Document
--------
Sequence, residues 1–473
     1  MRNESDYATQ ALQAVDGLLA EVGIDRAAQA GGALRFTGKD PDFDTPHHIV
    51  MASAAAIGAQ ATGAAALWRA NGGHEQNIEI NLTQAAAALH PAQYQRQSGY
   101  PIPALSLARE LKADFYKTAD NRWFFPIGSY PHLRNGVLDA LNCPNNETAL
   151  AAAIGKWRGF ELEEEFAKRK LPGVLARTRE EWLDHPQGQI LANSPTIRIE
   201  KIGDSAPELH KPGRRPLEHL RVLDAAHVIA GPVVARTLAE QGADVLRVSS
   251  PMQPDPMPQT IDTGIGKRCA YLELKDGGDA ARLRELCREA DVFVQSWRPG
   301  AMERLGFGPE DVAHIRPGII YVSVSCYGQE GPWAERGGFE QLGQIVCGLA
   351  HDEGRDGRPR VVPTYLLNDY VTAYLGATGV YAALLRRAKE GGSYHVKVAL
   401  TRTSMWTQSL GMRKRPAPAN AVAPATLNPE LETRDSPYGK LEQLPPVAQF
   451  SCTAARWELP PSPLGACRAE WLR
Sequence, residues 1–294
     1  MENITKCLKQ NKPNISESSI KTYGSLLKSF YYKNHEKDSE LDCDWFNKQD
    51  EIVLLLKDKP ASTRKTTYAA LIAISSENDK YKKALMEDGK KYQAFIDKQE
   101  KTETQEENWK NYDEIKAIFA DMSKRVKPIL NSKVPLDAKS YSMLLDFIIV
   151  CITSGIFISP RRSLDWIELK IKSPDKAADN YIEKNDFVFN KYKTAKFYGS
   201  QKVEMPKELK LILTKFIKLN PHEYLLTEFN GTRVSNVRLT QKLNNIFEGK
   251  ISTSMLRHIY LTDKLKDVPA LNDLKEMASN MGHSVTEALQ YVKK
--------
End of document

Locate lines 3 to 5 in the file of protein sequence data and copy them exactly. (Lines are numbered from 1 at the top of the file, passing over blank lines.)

    51  MASAAAIGAQ ATGAAALWRA NGGHEQNIEI NLTQAAAALH PAQYQRQSGY
   101  PIPALSLARE LKADFYKTAD NRWFFPIGSY PHLRNGVLDA LNCPNNETAL
   151  AAAIGKWRGF ELEEEFAKRK LPGVLARTRE EWLDHPQGQI LANSPTIRIE